Game Idea A Week: Meaning of Life SissyFight
Week Twenty-Three (13/03/2010)
This week I attended the first day of the Game Design Workshop at GDC. We played a game called SissyFight 3000. We were then asked to adapt the game based on a new theme that we came up with at our table. Our table came up with "Scientists Debate the Meaning of Life". We encountered issues with the seriousness of the topic and the tight deadline, resulting in a game that had much room for improvement. Here is one possible way that game could be adapted...
Pit yourself against your friends as you pretend to be kids arguing over the Meaning of Life. Make alliances or backstab your way to winning the argument.
Non-digital card game
Why it needs to be made:
The game our table came up with in the design workshop needed improvement. The original game, SissyFight 3000, was good, but did not allow people to defend themselves very effectively. It usually didn't have a clear winner.
This is a game for 3-8 players. Players start with 9 Argument cards and a set of Action/Target/Words cards. Every player secretly chooses a type of action (peer pressure or personal attack), a target (one of the other players) and the words they want to say (an attack or a comeback). The players then turn over their choice simultaneously. This results in some players loosing Argument cards. When a player looses all of their Argument cards, they are out of the game. When only two players remain, the other players vote for their favourite remaining player. The player who has the highest combination of votes and remaining Arguments wins.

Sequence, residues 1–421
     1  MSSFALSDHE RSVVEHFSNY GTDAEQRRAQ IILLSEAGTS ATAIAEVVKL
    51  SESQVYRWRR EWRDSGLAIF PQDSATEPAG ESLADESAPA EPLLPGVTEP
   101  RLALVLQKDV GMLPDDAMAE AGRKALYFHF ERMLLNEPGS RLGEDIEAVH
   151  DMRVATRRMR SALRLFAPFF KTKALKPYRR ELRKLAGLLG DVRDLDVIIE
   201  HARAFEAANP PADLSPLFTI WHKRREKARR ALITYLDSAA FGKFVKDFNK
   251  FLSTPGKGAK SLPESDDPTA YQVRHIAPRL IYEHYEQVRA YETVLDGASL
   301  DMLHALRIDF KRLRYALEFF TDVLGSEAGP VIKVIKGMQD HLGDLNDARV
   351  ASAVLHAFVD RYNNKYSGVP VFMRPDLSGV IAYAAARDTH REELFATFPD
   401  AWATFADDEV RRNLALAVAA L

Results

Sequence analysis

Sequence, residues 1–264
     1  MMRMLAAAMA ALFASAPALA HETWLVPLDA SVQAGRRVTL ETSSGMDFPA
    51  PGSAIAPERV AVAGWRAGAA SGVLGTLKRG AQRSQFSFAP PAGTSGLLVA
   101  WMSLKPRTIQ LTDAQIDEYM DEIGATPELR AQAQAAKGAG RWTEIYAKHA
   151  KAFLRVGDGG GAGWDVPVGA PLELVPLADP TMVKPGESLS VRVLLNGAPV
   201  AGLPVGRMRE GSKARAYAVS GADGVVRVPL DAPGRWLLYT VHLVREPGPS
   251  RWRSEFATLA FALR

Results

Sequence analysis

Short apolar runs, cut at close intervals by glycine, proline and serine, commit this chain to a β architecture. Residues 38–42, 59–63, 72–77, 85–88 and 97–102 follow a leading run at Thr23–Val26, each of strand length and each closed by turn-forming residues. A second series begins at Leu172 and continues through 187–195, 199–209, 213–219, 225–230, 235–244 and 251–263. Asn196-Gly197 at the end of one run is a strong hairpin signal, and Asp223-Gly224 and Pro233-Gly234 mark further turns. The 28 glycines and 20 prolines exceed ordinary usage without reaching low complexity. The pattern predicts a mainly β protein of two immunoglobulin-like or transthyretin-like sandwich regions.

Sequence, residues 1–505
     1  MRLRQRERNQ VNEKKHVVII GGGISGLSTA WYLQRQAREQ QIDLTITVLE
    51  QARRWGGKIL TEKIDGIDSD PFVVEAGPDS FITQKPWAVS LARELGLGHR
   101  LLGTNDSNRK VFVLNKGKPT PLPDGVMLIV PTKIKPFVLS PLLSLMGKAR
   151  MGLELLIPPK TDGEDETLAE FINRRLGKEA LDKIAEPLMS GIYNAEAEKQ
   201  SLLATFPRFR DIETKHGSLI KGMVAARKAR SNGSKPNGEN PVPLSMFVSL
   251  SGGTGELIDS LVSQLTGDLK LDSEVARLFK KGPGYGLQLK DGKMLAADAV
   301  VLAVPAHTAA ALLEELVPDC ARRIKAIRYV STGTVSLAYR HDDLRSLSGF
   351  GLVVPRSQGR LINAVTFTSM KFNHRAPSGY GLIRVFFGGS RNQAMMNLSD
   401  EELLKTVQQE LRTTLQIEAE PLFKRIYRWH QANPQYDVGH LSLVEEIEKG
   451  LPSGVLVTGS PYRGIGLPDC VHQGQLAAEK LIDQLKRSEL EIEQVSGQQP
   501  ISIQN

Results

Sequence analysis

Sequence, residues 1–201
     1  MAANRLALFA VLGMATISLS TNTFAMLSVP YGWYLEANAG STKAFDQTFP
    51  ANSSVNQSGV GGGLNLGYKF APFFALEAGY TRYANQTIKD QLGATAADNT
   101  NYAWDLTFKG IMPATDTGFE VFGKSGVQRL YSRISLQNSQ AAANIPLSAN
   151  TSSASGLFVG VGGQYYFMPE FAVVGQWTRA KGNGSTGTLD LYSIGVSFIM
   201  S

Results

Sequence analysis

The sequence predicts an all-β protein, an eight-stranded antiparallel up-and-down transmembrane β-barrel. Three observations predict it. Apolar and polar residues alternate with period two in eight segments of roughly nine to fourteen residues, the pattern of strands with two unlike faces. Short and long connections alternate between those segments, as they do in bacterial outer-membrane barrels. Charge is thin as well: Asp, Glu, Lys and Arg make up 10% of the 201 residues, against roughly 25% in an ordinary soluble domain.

Players can attack others either on their own (personal attack) or with others (peer pressure), which damages the target more. To defend themselves, players can choose a generic defence which halves the number of cards they will loose. Or players can create a Comeback for their would-be attackers. If the Comeback successfully targets an attacker, the attacker will loose an Argument, not the person being attacked.
The cards are frivolous and childish to match the theme that the players are supposed to be children. This encourages players not to be too serious about their argument and gives them permission to be bitchy and act in a way that would not be socially appropriate in the real-world.
Why it will be a compelling game:
The social interactions between players is the key aspect here. Being able to make and break alliances uses fellowship fun very strongly. The images on the cards help allow players to enter the fantasy that they really are children.